First post here, so I hope I got the format right. I understand the
OG explanation to this problem, but I tried taking a slightly alternate route and am coming up with the wrong answer. It's a rather simple one, but hope someone can shed some light on to where I've gone wrong. I included the
OG explanation as well as my own in the spoiler.
If \(n\) is a positive integer, is \(\frac{1}{10}^n < 0.01?\)
1) \(n > 2\)
2) \(\frac{1}{10}^{n-1} < 0.1\)
OG Explanation: Manipulate both sides to be expressed as powers of 10.
\(\frac{1}{10}^n < 0.01\)
\((10^{-1})^n < 10^{-2}\)
\(10^{-n} < 10^{-2}\)
\(n > 2\)
1) \(n > 2\). SUFFICIENT2) \(\frac{1}{10}^{n-1} < 0.1\)\((10^{-1})^{n-1} < 10^{-1}\)
\(10^{-n+1} < 10^{-1}\)
\(-n+1 < -1\)
\(n > 2\)
SUFFICIENT
My slightly modified solution for statement 2 was to first manipulate the 0.1 on the right side of the inequality to become a fraction and to leave the left side as a fraction (my first instinct is to see that 0.01 is the same as 1/10). You would have:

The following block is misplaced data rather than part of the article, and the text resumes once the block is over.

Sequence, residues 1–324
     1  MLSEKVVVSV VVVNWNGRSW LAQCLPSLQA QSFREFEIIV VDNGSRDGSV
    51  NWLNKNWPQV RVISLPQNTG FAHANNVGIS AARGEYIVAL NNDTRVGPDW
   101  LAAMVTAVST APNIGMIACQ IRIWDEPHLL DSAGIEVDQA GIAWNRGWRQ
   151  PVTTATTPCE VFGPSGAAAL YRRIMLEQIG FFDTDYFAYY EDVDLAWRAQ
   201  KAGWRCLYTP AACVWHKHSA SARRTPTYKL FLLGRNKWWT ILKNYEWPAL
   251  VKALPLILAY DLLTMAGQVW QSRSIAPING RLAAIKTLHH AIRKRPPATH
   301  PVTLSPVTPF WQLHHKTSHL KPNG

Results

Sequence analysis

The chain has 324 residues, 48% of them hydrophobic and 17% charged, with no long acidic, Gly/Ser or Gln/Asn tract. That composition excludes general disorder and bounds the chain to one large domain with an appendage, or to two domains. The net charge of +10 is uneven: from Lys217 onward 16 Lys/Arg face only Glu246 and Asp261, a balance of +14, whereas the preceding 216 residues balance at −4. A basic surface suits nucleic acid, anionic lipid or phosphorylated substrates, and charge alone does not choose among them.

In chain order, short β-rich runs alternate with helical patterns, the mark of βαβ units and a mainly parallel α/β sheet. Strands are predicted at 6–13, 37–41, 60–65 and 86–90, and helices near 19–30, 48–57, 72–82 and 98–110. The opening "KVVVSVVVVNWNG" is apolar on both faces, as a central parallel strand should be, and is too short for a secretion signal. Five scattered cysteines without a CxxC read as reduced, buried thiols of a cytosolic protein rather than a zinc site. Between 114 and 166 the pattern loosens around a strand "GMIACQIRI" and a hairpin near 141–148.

\(\frac{1}{10}^{n-1} < \frac{1}{10}^1\)
\(n-1 < 1\)
\(n < 2\)
As you can see, I get an opposite answer. I know this is super simple, but where am I going wrong?
Welcome to GMAT Club. Below is an answer to your question.
From \((\frac{1}{10})^{n-1} < (\frac{1}{10})^1\) since the base, 1/10, is a fraction in the range (0,1) then it should be \(n-1>1\). For example: \((\frac{1}{10})^{2} < (\frac{1}{10})^1\) --> \(2>1\).